Rob Stein

Copyright 2020 NPR. To see more, visit https://www.npr.org.

SACHA PFEIFFER, HOST:

Dr. Anthony Fauci said Wednesday that he has received death threats and his daughters have been harassed as a result of his high-profile statements about the coronavirus pandemic.

"Getting death threats for me and my family and harassing my daughters to the point where I have to get security is just, I mean, it's amazing," Fauci said.

Americans continue to wait in long lines to get tested for the coronavirus. Many then face frustration and anxiety waiting days — sometimes even weeks — to get their results.

Could technology finally solve the testing woes that have hobbled the nation's ability to fight the pandemic? The National Institutes of Health hopes so.

When the coronavirus pandemic began, public health experts had high hopes for the United States. After all, the U.S. literally invented the tactics that have been used for decades to quash outbreaks around the world: Quickly identify everyone who gets infected. Track down everyone exposed to the virus. Test everyone. Isolate the sick and quarantine the exposed to stop the virus from spreading.

Jack Grehan, who was born with hemophilia, used to inject himself every couple of days with a protein he needs for his blood to clot. But not anymore.

"It's been absolutely brilliant and life-changing for me," says Grehan, 26, of Billinge in North West England. He received an experimental gene therapy in 2017 that, at least for now, has eliminated his need for regular injections. "I can just go about my day and not have to worry."

Copyright 2020 NPR. To see more, visit https://www.npr.org.

STEVE INSKEEP, HOST:

The coronavirus keeps spreading around the United States. New hot spots are emerging and heating up by the day. The death toll keeps mounting. So how can the U.S. beat back the relentless onslaught of this deadly virus?

Public health experts agree on one powerful weapon that's gotten a lot of attention but apparently still needs a lot more: testing.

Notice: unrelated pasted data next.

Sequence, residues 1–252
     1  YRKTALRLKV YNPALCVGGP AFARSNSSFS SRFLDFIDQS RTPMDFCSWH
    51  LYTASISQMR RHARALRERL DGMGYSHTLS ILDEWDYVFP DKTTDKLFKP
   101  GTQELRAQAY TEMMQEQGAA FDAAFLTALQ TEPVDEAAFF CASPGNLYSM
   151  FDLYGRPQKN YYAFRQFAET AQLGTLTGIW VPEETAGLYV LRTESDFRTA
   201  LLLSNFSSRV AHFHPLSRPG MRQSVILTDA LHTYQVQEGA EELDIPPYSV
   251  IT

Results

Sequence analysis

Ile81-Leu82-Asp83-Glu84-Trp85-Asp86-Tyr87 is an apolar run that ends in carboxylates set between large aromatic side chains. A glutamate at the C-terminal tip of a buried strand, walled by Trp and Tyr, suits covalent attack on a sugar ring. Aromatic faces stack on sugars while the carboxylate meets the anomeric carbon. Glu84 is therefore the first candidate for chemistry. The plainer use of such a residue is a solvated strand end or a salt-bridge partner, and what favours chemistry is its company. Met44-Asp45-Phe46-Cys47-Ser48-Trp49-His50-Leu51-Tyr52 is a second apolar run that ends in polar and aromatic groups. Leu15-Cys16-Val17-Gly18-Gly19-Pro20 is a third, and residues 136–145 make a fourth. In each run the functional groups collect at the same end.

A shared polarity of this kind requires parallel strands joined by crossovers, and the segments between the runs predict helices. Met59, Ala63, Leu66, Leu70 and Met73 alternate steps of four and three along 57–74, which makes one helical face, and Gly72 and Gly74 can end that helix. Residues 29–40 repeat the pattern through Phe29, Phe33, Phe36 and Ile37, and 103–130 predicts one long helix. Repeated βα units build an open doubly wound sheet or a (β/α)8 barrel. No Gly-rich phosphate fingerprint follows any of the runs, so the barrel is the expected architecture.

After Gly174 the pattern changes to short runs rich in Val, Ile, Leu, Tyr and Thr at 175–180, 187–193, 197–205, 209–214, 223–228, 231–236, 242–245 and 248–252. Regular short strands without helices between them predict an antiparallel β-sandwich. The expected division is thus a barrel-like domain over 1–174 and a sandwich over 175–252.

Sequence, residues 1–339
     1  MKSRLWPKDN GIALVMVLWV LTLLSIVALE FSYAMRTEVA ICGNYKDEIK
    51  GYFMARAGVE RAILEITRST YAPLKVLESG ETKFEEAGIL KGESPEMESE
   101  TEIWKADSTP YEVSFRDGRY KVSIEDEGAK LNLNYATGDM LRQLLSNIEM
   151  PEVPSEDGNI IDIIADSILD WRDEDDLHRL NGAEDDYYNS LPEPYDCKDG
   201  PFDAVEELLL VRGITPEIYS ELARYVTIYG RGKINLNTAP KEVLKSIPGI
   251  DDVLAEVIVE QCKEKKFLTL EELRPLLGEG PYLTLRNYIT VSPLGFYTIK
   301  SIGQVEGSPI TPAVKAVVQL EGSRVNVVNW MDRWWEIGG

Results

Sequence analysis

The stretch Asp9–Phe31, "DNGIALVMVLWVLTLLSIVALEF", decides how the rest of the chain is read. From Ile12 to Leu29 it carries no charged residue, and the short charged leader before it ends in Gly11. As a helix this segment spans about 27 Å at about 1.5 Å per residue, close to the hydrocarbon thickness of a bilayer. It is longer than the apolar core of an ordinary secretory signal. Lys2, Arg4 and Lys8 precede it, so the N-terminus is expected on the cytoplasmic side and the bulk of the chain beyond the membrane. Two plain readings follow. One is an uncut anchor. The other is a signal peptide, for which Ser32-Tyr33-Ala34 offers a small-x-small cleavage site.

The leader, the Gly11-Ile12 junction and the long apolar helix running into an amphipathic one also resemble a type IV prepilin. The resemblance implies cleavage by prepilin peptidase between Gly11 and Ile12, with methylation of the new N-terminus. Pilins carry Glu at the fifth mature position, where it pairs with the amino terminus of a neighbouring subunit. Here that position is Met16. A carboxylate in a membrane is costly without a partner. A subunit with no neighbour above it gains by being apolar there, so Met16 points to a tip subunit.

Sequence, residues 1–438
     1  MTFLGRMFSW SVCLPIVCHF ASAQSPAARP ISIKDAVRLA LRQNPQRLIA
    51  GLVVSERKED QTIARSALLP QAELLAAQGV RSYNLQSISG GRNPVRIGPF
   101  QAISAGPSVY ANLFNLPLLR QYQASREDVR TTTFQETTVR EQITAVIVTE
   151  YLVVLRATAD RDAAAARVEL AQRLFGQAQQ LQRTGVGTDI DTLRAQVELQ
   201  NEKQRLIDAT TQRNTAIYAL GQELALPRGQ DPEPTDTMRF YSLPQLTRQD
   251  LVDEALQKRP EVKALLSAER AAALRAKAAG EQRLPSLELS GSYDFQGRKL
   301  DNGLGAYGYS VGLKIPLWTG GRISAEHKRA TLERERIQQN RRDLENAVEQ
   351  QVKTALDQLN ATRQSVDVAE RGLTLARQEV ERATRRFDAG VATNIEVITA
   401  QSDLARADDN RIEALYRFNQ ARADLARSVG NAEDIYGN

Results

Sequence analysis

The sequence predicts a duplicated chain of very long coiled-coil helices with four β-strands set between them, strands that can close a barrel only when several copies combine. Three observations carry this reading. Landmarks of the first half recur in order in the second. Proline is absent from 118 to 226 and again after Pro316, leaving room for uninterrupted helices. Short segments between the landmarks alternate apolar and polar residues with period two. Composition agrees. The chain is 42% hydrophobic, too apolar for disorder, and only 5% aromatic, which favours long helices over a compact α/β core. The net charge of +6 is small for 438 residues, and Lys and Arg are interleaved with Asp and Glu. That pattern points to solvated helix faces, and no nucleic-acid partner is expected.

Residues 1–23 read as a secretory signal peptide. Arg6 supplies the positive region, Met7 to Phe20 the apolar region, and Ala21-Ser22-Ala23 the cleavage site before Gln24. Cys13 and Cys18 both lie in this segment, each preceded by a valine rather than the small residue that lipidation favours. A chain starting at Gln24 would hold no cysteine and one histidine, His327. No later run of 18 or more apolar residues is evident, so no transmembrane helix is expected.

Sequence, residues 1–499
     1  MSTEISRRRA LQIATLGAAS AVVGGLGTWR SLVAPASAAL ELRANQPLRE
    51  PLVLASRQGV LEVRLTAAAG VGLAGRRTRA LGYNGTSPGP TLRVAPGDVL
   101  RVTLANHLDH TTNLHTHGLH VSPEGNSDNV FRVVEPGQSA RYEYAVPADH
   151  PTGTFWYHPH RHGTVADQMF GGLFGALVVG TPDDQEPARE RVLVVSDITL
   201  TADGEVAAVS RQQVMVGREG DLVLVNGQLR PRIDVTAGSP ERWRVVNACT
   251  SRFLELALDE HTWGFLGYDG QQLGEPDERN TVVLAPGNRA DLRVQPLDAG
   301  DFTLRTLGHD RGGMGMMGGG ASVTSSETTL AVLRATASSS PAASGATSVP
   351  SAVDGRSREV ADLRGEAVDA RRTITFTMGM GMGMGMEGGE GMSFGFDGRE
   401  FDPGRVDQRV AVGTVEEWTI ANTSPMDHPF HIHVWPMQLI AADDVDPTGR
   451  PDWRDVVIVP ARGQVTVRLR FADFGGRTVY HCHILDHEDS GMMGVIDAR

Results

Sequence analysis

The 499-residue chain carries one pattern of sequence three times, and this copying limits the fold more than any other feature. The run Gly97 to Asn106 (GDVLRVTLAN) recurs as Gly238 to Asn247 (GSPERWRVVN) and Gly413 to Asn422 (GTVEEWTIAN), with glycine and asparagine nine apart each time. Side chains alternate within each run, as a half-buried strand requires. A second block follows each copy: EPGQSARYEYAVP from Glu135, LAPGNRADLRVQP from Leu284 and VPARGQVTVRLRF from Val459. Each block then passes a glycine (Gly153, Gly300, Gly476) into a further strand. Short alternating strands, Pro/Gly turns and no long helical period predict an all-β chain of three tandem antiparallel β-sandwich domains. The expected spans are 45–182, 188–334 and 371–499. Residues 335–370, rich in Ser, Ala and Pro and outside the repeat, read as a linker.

A new analysis that researchers at Harvard conducted for NPR finds that more states have begun to do enough testing to keep their outbreaks from getting worse, but most are still falling short.

Like millions of other Americans, Victoria Gray has been sheltering at home with her children as the U.S. struggles through a deadly pandemic, and as protests over police violence have erupted across the country.

But Gray is not like any other American. She's the first person with a genetic disorder to get treated in the United States with the revolutionary gene-editing technique called CRISPR.

The U.S. has reached another dire landmark in its fight against COVID-19, surpassing 2 million confirmed cases on Wednesday. New coronavirus infections are rising in at least 20 states, even as restrictions on daily life continue to ease across the country.

As of Thursday morning, more than 112,000 people have died from COVID-19 in the U.S. — the most fatalities reported by any nation, according to a tracker from Johns Hopkins University. And most experts believe those numbers underestimate the true toll.

All laboratories will now be required to include detailed demographic data when they report the results of coronavirus tests to the federal government, including the age, sex, race and ethnicity of the person tested, the Trump administration announced Thursday.

The new requirement, which will go into effect Aug. 1, is designed to help provide long-sought, crucial information needed to monitor and fight the pandemic nationally.

The head of the federal Centers for Disease Control and Prevention said Friday that a new analysis shows the agency's delayed rollout of coronavirus testing did not hinder the nation's response to the pandemic.

The coronavirus didn't start spreading in the U.S. until late January or early February, the CDC analysis found, and it circulated at low levels for quite some time.

As a result, the availability of earlier widespread testing for the virus would not have been able to spot it, according to CDC Director Robert Redfield.

The Centers for Disease Control and Prevention has acknowledged that it is mixing the results of two different kinds of tests in the agency's tally of testing for the coronavirus, raising concerns among some scientists that it could be creating an inaccurate picture of the state of the pandemic in the United States.

Salvador Perez got really sick in April. He's 53 and spent weeks isolated in his room in his family's Chicago apartment, suffering through burning fevers, shivering chills, intense chest pain and other symptoms of COVID-19.